Leavening

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The process of adding a substance to bread dough (and other baked goods) that enables the dough to rise. Risen breads rely on a means of producing carbon dioxide gas that becomes trapped in the batter or dough causing the rising action. The carbon dioxide gas is produced either as a byproduct of fermentation or through the use of chemical agents. The fermentation process is activated by naturally occurring yeast that is airborne, by yeast that exists on the surfaces of wheat grains, or it may be activated by packaged baker's yeast that became widely available at the end of the nineteenth century. The yeast consumes some of the flour in the dough, producing carbon dioxide as a byproduct, which, in turn, raises the dough. Chemical leavens, which act very quickly, produce carbon dioxide gas in the batter or dough without the need for yeast.

Risen breads can be prepared using the “direct yeast method,” also known as the “straight yeast method,” or with the use of a natural "starter," or with chemical leavening agents. The direct or straight yeast method for leavened breads uses commercially produced packaged yeast that is activated in warm water for a few minutes and then blended with the flour and other ingredients. This is a faster method for producing yeasted breads and is the most familiar method used by the home cook. Before a reliable baker's yeast became available in the nineteenth century, brewer's yeast was often used, but it produced uneven results. The types of packaged yeast available today produce excellent results.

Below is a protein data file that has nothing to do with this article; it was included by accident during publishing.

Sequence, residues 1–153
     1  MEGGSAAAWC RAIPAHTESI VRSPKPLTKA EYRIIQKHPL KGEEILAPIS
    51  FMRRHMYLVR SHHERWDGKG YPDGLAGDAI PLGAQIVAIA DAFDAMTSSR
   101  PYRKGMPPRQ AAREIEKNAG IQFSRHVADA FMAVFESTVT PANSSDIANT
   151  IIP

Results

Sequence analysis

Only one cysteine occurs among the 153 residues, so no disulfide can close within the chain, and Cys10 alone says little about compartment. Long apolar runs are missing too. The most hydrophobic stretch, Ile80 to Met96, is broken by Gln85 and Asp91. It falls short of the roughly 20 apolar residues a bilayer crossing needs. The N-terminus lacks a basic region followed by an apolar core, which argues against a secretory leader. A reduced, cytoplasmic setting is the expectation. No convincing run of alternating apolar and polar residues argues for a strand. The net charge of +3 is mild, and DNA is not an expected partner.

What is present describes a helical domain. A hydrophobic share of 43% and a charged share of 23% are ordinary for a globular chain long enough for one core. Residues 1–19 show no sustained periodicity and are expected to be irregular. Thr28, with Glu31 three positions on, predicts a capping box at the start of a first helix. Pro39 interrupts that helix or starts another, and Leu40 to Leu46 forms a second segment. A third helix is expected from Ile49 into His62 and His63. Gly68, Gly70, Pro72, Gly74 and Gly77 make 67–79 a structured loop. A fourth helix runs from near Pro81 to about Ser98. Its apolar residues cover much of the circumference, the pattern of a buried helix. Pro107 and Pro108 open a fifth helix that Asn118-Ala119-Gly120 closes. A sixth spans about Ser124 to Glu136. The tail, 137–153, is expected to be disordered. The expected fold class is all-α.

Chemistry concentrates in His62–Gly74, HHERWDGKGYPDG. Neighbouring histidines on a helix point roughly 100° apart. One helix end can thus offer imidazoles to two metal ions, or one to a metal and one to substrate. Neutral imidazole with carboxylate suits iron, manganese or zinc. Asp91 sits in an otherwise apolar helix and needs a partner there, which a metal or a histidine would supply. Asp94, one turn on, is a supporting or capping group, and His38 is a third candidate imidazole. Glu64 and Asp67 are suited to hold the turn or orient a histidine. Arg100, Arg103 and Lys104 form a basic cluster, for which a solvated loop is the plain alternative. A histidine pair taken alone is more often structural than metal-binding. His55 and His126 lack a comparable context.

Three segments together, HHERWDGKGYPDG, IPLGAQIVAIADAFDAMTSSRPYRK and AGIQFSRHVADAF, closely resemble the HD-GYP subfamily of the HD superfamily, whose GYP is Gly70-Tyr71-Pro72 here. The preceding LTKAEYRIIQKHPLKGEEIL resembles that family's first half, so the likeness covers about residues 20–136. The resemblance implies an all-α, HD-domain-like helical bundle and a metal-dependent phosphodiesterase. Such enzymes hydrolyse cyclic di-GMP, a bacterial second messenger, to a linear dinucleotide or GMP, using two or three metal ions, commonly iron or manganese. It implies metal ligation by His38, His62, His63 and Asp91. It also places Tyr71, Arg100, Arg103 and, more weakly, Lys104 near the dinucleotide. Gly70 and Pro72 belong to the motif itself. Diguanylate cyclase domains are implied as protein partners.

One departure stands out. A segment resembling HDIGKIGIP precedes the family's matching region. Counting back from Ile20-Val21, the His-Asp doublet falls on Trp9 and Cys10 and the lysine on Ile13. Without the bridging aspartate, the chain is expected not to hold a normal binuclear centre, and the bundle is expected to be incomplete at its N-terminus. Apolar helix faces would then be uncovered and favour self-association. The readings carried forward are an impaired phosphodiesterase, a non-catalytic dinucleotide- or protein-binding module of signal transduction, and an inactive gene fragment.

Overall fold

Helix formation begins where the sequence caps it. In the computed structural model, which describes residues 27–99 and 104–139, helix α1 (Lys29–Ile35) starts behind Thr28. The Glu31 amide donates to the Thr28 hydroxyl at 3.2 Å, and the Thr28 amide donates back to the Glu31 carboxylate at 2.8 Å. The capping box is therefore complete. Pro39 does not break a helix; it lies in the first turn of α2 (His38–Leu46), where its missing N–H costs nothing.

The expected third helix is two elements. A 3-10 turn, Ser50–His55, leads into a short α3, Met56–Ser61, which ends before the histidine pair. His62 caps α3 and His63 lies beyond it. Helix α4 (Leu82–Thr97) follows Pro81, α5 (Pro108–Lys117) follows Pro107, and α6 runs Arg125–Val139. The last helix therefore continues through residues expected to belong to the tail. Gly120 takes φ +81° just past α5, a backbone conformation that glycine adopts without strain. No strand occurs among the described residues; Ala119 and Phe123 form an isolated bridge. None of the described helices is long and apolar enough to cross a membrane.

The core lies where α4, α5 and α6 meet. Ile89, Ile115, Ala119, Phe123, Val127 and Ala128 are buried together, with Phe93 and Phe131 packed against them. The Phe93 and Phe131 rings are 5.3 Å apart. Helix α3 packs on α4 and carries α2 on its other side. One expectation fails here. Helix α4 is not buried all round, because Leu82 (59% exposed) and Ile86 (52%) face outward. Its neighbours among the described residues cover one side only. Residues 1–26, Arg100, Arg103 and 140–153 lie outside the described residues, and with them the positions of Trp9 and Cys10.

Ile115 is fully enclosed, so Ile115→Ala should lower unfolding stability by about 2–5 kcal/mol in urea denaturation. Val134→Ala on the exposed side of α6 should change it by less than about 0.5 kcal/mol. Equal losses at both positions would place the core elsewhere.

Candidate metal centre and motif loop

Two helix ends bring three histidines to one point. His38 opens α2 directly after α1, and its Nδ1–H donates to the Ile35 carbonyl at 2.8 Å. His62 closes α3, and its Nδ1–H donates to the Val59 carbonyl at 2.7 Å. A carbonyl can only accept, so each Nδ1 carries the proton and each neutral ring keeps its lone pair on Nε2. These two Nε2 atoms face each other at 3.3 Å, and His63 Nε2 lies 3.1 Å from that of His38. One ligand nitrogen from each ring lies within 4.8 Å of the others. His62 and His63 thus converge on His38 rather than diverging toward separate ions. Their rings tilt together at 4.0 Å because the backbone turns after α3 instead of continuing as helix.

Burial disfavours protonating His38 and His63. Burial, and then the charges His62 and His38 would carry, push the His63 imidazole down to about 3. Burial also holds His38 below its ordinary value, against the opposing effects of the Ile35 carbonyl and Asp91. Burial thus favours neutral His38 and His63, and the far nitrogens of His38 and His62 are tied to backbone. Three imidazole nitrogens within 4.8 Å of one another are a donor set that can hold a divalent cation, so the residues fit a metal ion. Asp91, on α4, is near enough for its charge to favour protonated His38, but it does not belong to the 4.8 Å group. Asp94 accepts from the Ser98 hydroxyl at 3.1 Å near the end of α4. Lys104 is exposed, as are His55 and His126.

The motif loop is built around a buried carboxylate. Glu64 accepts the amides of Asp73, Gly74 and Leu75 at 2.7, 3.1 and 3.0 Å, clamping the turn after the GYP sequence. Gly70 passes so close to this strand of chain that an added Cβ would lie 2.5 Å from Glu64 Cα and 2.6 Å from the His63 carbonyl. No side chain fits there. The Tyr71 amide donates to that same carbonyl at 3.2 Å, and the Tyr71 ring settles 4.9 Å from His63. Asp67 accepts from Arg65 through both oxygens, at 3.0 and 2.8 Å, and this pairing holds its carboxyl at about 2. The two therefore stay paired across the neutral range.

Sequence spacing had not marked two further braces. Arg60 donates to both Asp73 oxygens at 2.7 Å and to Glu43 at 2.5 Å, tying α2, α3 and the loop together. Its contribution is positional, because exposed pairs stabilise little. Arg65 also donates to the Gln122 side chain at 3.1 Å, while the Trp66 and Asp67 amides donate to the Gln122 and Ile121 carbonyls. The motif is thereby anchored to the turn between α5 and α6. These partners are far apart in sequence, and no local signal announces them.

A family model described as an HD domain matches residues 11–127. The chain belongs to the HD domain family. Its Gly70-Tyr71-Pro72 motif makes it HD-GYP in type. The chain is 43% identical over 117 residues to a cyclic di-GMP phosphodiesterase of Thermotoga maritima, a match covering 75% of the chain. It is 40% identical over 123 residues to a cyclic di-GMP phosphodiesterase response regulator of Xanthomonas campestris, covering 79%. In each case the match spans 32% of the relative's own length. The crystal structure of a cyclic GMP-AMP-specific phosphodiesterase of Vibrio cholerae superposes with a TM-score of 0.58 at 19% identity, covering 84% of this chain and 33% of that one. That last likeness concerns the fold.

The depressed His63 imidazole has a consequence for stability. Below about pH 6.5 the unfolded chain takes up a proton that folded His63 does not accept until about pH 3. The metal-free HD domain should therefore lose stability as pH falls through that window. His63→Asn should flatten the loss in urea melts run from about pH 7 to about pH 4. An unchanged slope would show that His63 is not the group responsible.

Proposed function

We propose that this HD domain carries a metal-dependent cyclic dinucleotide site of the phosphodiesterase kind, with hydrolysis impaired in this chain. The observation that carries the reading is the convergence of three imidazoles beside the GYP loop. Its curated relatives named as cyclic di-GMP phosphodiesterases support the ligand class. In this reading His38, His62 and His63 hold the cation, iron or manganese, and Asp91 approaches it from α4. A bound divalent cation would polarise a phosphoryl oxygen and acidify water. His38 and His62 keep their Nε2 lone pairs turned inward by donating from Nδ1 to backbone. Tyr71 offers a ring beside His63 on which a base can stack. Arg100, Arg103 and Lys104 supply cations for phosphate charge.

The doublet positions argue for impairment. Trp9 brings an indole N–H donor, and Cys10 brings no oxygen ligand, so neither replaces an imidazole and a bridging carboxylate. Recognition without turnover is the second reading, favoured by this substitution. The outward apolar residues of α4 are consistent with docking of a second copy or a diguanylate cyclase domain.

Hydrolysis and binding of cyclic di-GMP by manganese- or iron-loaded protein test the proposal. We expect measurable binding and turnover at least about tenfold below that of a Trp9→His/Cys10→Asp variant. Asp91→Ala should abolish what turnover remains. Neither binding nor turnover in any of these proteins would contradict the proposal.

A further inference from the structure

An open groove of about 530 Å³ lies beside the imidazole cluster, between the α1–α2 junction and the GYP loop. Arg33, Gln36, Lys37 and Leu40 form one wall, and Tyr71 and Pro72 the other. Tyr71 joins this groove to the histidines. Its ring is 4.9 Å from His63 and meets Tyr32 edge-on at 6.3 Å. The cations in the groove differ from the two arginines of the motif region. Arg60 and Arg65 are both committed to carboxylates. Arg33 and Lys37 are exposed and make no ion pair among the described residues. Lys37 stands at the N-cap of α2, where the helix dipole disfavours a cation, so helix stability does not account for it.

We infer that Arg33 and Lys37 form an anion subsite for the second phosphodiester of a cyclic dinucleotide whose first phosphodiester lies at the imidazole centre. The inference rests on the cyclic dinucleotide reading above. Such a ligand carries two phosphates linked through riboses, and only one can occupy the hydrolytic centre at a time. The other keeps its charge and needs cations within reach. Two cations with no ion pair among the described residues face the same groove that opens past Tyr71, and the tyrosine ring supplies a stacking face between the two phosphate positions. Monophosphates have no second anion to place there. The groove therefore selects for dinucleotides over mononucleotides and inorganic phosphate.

The use of a starter is a traditional method of leavening requiring only a flour, water, and yeast mixture, which is allowed to ferment for varying periods depending on the type of bread being prepared. A starter may contain additional ingredients, such as milk, sugar, or honey, depending on the recipe. Some starters do not contain commercial yeast, but only flour and water and rely on airborne yeast for fermentation. This type of starter is perhaps the oldest method for preparing leavened breads.

Chemical leavening agents, which became available during the nineteenth century, are also widely used. Breads using chemical agents, such as baking soda and baking powder, for leavening are known as quick breads because of the rapid rate of the rising action and the short preparation time required.

The leavening method used for bread making depends upon the type of bread being prepared. The leavening method also has much to do with the flavor, texture, and shelf life of the bread. For example, two breads with exactly the same ingredients will have very different qualities if one of the breads was prepared with a starter and the other was prepared directly with packaged yeast.

USDA Nutrition Facts

Serving Size1 tsp
Calories0
Protein0g
Total Fat0g
Total Carbohydrates0g
Dietary Fiber0g
Sugars0g
Potassium0mg
Sodium27360mg
Cholesterol0mg
Serving Size1 tsp
Calories258
Protein0g
Total Fat0g
Total Carbohydrates61g
Dietary Fiber0g
Sugars0g
Potassium16500mg
Sodium52mg
Cholesterol0mg
Serving Size1 cake (0.6 oz)
Calories105
Protein8g
Total Fat1g
Total Carbohydrates18g
Dietary Fiber8g
Sugars0g
Potassium601mg
Sodium30mg
Cholesterol0mg

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